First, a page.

So we’ve put up an artificial tree hollow in the big eucalypt in the hope that the glider can use it as a shelter.

Another mystery possibly solved!

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White-throated nightjar

I’ve often heard this bird at home at night and wondered what it could be. A combination of “The National Photographic Index of Australian Wildlife: Cuckoos, Kingfishers, Nightbirds of Australia” (edited by Strahan) and Michael Morecombe’s “Birds of Australia” ap (which has bird sounds) helped me track it down. It has a distinctive rising, accelerating series of notes – the white-throated nightjar (Eurostopodus mystacalis).

White-throated nightjar; photo by Aviceda, Wikimedia Commons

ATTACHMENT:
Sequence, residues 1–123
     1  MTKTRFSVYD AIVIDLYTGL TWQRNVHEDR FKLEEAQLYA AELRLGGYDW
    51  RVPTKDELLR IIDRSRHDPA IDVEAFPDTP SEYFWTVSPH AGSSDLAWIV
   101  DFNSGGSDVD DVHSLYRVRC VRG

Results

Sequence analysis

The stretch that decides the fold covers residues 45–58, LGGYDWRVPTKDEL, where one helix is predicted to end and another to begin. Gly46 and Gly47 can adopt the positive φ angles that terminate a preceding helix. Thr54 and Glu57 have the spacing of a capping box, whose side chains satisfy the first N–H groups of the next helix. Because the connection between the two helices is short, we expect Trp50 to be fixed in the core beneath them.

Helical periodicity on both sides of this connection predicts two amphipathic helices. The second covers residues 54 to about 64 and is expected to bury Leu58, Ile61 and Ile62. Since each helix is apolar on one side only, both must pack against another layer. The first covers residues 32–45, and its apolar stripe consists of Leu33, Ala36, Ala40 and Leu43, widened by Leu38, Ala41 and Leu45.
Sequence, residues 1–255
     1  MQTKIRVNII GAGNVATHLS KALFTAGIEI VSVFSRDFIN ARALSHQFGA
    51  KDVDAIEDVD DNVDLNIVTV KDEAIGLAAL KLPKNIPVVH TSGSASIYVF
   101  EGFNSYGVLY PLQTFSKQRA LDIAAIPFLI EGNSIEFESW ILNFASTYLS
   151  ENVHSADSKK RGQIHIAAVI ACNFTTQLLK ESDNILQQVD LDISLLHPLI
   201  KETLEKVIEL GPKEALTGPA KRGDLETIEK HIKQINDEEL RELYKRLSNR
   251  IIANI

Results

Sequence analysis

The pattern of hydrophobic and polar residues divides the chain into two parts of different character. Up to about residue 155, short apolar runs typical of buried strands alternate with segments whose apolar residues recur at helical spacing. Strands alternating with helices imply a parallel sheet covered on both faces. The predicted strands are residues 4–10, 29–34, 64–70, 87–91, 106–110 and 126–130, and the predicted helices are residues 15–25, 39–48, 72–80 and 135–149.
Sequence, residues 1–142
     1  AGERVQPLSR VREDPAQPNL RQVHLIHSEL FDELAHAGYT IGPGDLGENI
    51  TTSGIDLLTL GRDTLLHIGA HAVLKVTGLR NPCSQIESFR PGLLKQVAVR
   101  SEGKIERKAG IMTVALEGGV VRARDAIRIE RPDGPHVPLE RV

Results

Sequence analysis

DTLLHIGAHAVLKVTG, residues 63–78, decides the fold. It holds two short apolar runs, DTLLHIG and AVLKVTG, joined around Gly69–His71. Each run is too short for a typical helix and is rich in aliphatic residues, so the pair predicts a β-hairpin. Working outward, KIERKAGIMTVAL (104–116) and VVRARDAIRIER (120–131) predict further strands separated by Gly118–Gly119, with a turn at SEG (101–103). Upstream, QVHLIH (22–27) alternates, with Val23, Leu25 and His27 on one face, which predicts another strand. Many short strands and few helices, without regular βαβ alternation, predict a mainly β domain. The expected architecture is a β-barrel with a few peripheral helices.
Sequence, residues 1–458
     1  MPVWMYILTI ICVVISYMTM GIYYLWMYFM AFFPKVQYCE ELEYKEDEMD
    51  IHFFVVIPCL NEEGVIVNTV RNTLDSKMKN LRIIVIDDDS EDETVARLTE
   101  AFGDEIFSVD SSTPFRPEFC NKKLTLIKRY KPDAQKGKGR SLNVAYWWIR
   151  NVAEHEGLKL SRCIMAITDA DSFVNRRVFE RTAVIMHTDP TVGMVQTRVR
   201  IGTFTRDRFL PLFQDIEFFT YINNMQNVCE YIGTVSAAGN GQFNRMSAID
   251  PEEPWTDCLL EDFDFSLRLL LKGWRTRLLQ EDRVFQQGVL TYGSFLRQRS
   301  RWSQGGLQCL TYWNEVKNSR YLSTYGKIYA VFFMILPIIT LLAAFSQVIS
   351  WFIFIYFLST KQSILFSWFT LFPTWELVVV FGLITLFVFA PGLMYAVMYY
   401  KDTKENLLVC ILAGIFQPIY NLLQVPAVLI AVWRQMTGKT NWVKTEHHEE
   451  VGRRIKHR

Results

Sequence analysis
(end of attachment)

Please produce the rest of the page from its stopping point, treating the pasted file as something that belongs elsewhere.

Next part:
According to the book, it is about the size of a pigeon (although it doesn’t say which pigeon and they do vary in size – rainforest pigeons are much bigger than rock pigeons) and is rarely seen by day. It squats motionless on the ground and its colouration helps it blend in with the leaf litter:

Birds from southern Australia are migratory, wintering in New Guinea and northern Australia and returning to their original roosting and breeding territories in the spring (when moths and flying beetles [their prey] are abundant. Birds in northern Australia are sedentary [do not migrate] … Calling birds are often heard on spring nights [i.e. now] … in the drier eucalypt forests of the coast and ranges.

I’ll have to listen and observe whether the noise goes away in winter, but my initial impression is that it is present all year, so maybe my area classifies as ‘northern Australia’.

Nice to finally have solved the mystery.

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Border Ranges World Heritage Area